The prior art has recognized uses for polyvinyl alcohol compositions in the manufacture of water soluble useful articles. For example, U.S. Pat. No. 3,413,229 teaches the production of water soluble bags or pouches from which packets or the like are produced containing such materials as detergents, bleaches, insecticides, medicinals, chemicals, dyes, pigments, industrial additives and other materials. It is taught that the contents of the packets are dispersed merely by dropping the packets into water whereupon the bags dissolve and release their contents into aqueous dispersions. However, the referenced patent teaches the production of such films which are both hot and cold water soluble.

Additional references, such as U.S. Pat. No. 3,859,125 teach the production of layered articles which include coatings of polyvinyl alcohol. The subject reference teaches coating polyvinyl alcohol on a paper membrane whereby it is taught that the coated paper is soluble in either high or low temperature water. Again, it is incorrect to believe that a cellulose sheet material would be "soluble" in an aqueous solution. At best, cellulose merely disperses. Similarly, U.S. Pat. No. 4,343,133 teaches the coating of polyvinyl alcohol onto a non-woven fiber sheet impregnated with latices of polyvinyl acetate in the manufacture of a premoistened towelette which can be disposed of by flushing in plain water without danger of clogging a plumbing system.

There has been the teaching of various medical related products which are generally in the form of articles coated with polyvinyl alcohol employed to enhance disposal. For example, European Patent Application No. 87310534.0 (Publication No. 0272816) teaches the production of an ostomy pouch which can be disposed of in a toilet bowel. The pouch is constructed from laminants of water swellable cold water insoluble films and water-resistant tissue paper. Similarly, U.K. Patent Application No. 2211088 teaches the production of a liner for a bed pan or urine bottle made of polyvinyl alcohol. It is taught that the liner may be disposed of by treatment with water at a temperature above that which it dissolves.

Both U.K. Patent No. 1,187,690 and Japanese Patent No. 72041741 teach the production of stand alone polyvinyl alcohol films which are water soluble. The U.K. patent teaches the production of hospital bags and packing material for such products as detergents and agricultural chemicals while the Japanese patent teaches the use of polyvinyl alcohol films to make laundry bags which dissolve releasing soiled garments contained therein. However, neither reference teaches the unique films of the present invention which can be configured into useful garments and like materials and which are soluble in aqueous solutions only above a threshold value.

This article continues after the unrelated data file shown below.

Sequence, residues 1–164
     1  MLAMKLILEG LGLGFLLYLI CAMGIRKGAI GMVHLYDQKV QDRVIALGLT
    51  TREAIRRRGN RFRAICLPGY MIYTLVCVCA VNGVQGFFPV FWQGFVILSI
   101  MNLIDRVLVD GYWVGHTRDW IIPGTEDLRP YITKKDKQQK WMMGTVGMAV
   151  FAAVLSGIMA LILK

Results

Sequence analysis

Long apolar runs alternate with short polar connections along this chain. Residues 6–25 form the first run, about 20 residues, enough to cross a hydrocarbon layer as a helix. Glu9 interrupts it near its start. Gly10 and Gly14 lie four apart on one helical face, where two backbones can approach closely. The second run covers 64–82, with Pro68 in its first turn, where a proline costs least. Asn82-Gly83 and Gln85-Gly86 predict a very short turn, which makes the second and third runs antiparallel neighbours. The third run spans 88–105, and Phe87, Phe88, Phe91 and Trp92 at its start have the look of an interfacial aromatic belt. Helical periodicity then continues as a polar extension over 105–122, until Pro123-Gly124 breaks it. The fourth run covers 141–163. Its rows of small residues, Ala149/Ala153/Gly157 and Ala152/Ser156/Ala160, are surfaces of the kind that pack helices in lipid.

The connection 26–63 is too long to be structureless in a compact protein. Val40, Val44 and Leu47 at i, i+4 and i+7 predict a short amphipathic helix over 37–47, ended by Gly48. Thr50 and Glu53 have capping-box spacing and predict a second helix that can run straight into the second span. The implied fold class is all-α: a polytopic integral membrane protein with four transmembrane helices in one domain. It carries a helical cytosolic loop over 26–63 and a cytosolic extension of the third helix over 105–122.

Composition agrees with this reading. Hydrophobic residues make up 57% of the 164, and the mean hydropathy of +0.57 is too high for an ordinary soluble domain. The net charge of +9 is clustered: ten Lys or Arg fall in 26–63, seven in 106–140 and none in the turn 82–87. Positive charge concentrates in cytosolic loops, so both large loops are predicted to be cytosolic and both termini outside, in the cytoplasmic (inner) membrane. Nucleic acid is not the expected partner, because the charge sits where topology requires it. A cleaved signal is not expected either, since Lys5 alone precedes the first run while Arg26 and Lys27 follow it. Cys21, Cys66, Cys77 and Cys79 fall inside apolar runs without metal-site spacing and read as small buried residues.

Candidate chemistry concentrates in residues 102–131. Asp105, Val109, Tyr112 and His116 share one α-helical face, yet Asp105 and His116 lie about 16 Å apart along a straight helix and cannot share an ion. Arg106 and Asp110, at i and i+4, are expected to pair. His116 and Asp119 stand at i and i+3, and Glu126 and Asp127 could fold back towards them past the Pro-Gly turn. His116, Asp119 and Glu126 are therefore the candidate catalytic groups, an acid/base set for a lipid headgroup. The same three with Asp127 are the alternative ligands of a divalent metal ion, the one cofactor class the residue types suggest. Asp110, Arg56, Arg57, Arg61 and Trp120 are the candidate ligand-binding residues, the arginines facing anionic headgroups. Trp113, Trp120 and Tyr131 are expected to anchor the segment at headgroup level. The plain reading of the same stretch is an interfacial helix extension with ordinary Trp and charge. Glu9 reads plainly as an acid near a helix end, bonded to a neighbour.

It is thus an object of the present invention to provide a method of disposing of garments, linens, drapes, towels and other useful articles after use while avoiding additional burdens being placed upon landfill disposal sites.

It is yet a further object of the present invention to provide a method of disposing of garments, linens, drapes, towels and other useful articles after use such that the garment can be solubilized and medical waste substantially sterilized in a single operation.

These and further objects will be more readily appreciated while considering the following disclosure and appended claims.

SUMMARY OF THE INVENTION

The present invention involves a method of producing garments, films and fibers which can be disposed of after use which comprises providing the garments as sheets or as woven, non-woven, knitted or otherwise formed fabric of thermoplastic polymer or fiber. The polymer or fabric garments are water soluble only at temperatures above approximately the normal body temperature (37° C.). The garments, linens, drapes, towels and other useful articles composed of said polymer formulation are subjected to water at a sufficient temperature to substantially dissolve the garments whereupon the water and dissolved polymer are subjected to disposal.

DETAILED DESCRIPTION OF THE INVENTION